2.2.3 Reading graphs and charts: getting started
Graphs and charts ought to be easy to read, since the main point of turning numbers into diagrams is to bring out their meaning more clearly. However, they are abstract representations that attempt to summarise certain aspects of the world in a condensed form. Consequently, they require a degree of mental effort on your part to bridge the gap between the formal pictures on the page and the aspects of ‘reality’ they represent. It is important to approach graphs and diagrams carefully, allowing yourself time to ‘get the feel’ of what you are looking at. Don't just assume you know what information a graph contains. Take a thorough look.
The sheer visual impact of a chart or graph can make it difficult to look past the attractive layout and shading to the underlying message. So, it is a good idea to look quickly at the main headings and the axes, and then focus on a point here and there to check what you are being told. Pick on one of the bars or points on a line and tell yourself what it stands for. Scan your way around the diagram – up and down and from side to side. Similarly, examine in detail the words written around the diagram: the main headings, the key and the axes. The axes should always be labelled and should tell you what the units are. Read any small print by the diagram to make sure you don't draw the wrong conclusions. Check the scale of the axes and note where they start. Graphs and charts can be ‘designed’ to emphasise certain trends, as we saw in Figures 11 and 12, and this issue is highlighted by the graphs in Figure 13. They all show exactly the same information, but the reader may well interpret each graph differently.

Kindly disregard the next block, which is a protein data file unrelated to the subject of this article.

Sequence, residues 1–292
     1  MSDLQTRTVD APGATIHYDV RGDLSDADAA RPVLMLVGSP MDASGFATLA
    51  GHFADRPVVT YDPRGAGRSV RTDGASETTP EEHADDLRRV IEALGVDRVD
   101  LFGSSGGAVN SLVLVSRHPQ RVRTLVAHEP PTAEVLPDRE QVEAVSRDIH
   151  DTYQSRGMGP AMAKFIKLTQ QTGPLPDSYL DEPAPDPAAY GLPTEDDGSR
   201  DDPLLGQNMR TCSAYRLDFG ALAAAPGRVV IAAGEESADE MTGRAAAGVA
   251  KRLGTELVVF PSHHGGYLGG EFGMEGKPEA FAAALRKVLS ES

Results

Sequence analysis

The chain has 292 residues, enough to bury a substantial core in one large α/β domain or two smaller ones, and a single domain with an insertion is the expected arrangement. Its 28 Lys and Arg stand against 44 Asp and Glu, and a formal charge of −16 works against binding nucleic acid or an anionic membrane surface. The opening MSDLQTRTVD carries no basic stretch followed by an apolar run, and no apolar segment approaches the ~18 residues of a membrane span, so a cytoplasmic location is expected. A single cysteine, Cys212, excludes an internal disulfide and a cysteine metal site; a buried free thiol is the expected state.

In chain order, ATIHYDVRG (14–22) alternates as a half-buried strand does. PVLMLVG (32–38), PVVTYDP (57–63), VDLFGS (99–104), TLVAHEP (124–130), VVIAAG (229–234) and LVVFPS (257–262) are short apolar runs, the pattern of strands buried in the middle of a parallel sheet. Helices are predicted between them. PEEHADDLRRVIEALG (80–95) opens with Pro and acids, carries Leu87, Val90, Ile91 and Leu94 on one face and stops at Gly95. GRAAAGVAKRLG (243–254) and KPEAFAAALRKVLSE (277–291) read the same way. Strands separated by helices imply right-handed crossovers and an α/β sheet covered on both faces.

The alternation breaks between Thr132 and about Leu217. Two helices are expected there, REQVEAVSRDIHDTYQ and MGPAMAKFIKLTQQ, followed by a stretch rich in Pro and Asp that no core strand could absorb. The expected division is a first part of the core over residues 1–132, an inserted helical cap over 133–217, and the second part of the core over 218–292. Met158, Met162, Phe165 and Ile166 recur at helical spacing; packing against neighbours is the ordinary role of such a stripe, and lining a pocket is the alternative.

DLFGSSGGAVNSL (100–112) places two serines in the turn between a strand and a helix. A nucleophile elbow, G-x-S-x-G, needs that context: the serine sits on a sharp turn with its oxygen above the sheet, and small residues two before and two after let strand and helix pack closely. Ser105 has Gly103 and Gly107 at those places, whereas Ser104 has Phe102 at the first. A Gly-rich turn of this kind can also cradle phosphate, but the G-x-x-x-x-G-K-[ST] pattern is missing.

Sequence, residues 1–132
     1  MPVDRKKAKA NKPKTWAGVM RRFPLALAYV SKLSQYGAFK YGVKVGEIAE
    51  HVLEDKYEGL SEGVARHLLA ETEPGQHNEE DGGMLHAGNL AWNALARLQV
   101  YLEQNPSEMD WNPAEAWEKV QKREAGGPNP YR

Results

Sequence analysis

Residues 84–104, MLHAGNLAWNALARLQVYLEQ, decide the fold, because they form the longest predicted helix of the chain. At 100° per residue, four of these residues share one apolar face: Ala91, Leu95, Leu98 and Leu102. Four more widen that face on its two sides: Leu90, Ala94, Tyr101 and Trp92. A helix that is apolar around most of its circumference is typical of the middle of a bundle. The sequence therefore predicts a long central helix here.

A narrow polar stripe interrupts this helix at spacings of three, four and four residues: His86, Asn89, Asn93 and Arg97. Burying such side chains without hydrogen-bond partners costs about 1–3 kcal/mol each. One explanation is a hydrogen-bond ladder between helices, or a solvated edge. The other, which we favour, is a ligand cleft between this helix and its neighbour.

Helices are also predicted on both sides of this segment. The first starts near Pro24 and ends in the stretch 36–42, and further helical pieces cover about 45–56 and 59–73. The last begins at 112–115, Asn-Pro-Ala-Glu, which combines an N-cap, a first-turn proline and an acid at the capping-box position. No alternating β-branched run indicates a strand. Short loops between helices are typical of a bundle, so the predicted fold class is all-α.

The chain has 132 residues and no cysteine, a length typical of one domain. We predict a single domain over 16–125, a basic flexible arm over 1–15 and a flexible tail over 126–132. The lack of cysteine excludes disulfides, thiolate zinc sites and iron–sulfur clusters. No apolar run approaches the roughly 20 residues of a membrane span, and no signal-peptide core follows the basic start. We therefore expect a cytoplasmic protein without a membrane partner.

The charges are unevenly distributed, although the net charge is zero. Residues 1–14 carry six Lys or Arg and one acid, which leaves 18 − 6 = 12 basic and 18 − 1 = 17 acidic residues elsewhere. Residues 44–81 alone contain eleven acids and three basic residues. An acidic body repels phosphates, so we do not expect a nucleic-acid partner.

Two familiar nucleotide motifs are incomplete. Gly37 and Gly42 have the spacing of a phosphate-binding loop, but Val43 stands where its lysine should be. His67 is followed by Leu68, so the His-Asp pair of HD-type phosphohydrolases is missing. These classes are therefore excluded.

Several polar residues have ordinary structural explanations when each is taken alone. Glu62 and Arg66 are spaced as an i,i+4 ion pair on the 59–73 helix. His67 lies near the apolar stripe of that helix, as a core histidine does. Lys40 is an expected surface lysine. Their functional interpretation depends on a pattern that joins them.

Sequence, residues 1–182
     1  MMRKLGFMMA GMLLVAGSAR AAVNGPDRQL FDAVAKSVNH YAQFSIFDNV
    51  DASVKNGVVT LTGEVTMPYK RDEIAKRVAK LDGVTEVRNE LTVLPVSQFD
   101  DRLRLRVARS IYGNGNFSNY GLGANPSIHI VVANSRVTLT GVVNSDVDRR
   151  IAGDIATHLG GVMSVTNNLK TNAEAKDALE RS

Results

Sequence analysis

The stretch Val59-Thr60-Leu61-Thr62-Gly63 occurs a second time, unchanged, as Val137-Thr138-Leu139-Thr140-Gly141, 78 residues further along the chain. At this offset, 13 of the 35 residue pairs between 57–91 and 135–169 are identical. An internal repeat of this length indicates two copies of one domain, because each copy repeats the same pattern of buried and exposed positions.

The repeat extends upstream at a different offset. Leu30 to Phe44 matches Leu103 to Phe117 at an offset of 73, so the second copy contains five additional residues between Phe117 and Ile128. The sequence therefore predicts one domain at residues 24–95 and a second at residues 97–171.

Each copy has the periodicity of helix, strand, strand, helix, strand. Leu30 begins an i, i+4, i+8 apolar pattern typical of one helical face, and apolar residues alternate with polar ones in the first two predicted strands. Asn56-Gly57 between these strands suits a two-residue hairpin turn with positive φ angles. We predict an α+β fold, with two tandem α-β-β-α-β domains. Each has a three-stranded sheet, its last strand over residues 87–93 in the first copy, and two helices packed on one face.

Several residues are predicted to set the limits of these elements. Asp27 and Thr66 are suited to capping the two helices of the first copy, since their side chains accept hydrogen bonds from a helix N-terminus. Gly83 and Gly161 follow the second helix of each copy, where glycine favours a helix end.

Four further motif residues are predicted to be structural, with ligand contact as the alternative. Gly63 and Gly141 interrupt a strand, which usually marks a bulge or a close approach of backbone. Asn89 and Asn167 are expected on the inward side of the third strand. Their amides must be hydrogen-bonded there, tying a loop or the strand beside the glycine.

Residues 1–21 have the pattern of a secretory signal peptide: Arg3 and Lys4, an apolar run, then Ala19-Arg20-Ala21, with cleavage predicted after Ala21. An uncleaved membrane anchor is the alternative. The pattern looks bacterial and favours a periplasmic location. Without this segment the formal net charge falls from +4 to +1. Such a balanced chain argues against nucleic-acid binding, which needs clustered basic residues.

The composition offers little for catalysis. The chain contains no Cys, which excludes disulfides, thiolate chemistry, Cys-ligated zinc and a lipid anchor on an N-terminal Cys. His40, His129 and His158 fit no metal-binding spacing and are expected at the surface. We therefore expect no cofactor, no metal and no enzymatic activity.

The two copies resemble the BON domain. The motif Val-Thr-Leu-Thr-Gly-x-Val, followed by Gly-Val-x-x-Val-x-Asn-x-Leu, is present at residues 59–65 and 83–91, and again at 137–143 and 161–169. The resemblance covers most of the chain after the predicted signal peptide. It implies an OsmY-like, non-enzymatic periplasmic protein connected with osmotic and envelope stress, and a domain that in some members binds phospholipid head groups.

Look at the graphs in Figure 13. What are your first impressions of the information they are trying to convey?
These graphs look, at first glance, to be completely different. However, if you examine them carefully, you will see that the numbers are exactly the same, only the vertical and horizontal scales are different. In Figure 13(b), the impression is given that the increase in the percentage of food poisoning incidents caused by Salmonella enteritidis has been very slight. Figure 13(a) gives the impression that the increase has been much more rapid. In Figure 13(c), it seems as if the rapid increase starts from a very low base, because of the use of a false zero (that is, starting with 10 at the origin). Figure 13(d) extends the horizontal axis and uses a break, like the one in Collee's second diagram (click on 'View document' below), to give an impression of even faster rates of increase. It also extends the line back into areas where there are no specific data, thus further confusing the real trends. The lesson from the line graphs in Figure 13 is that you need to examine a graph very carefully before jumping to conclusions.